The SEC Adopts Final E-Proxy Rules

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On December 13, 2006, the Securities and Exchange Commission (SEC) adopted final amendments to proxy rules that will allow companies to furnish proxy materials to shareholders through a "notice and access" model using the Internet. Internet delivery under the final amendments is permitted at the option of a company, but not required. However, the SEC also proposed making the new Internet delivery process mandatory for all solicitations not related to a business combination transaction. This rule proposal is subject to a 60-day comment period.

Under the final amendments, a company choosing to use the new "notice and access" model must post its definitive proxy materials on an Internet website and send a Notice of Internet Availability of Proxy Materials to shareholders at least 40 days before the meeting date. The Notice must be in plain English, and contain a prominent legend that advises shareholders of (1) the date, time and location of the meeting, (2) the availability of the proxy materials at a specified website address, (3) a toll free phone number, e-mail address and a website that shareholders may use to request copies of the proxy materials, and (4) a clear and impartial description of the matters to be considered at the meeting. A proxy card may not accompany this Notice. However, a company may send a paper proxy card accompanied by another copy of the Notice at any time 10 days or more after sending the initial Notice.

If a shareholder requests a paper or e-mail copy of the proxy materials by phone, e-mail or website, the company must send a copy of the materials within three business days after receiving the request. A shareholder can also make a permanent election to receive all proxy materials by paper copy or by e-mail.

If a company uses the notice and access model, brokers, banks and other intermediaries must prepare and send their own Notices for beneficial shareholders. A beneficial shareholder desiring a paper or e-mail copy of the proxy materials must request one from the intermediary.

Soliciting persons other than the company may also follow the notice and access model in substantially the same manner as the company. For other soliciting persons, the Notice must be sent to shareholders by the later of 40 days before the meeting or 10 days after the company filed its proxy materials. Such a soliciting person may limit his/her solicitation to shareholders who have not previously requested paper or e-mail copies, but if the soliciting person sends a Notice to a shareholder, the soliciting person must send that shareholder a paper or e-mail copy upon request.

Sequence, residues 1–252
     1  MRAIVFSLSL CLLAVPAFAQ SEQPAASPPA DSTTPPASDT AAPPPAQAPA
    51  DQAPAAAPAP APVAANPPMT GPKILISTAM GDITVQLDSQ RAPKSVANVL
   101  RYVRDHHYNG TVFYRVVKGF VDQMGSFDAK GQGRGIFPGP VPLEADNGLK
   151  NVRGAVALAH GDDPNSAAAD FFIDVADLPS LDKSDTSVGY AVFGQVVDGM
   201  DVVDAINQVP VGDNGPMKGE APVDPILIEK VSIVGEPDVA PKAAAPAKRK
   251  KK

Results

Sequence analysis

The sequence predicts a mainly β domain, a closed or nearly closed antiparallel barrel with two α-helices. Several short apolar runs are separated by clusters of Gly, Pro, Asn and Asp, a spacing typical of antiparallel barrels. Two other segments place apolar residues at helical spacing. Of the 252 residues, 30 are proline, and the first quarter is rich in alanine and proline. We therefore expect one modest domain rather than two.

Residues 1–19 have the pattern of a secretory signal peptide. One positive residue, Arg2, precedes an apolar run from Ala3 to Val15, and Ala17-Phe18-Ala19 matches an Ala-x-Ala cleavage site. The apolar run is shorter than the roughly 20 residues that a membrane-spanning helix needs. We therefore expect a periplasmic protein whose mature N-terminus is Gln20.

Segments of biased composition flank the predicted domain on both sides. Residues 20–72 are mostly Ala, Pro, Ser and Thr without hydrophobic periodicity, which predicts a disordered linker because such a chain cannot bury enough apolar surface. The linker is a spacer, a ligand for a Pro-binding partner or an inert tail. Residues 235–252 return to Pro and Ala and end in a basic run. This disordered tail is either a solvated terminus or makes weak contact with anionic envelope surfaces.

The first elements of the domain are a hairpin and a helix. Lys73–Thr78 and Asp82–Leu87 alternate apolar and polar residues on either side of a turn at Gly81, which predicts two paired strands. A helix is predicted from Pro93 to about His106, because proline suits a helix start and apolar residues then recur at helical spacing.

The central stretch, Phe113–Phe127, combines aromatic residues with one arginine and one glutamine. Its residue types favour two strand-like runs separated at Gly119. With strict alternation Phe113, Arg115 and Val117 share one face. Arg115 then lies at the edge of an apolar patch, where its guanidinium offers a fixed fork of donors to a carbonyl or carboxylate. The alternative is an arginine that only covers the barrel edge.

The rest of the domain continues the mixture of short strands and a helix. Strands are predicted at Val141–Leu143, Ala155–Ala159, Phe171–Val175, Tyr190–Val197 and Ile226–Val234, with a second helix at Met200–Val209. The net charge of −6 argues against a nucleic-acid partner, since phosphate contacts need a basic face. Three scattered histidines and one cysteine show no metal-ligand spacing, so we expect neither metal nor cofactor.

The new e-proxy rules will be effective on July 1, 2007. No person may comply with the Notice and access model before that date.

John W. White, the Director of the SEC's Division of Corporation Finance, described the final e-proxy rules as being "carefully crafted to decrease substantially the costs incurred by issuers and others soliciting proxies while safeguarding the interests of investors." However, for many issuers, the costs of sending requested paper copies by first class mail may exceed the costs of bulk shipment of printed proxy materials. That is in addition to the added complexity of keeping track of which shareholders have elected to receive paper or e-mail copies and which have not. It remains to be seen whether corporate America will embrace notice and access delivery of proxy materials through the Internet under the new rules, and whether making such delivery mandatory will generate significant opposition. The new rules may also end up helping insurgents and other proxy solicitors more than issuers because they can be more selective in which shareholders they approach.


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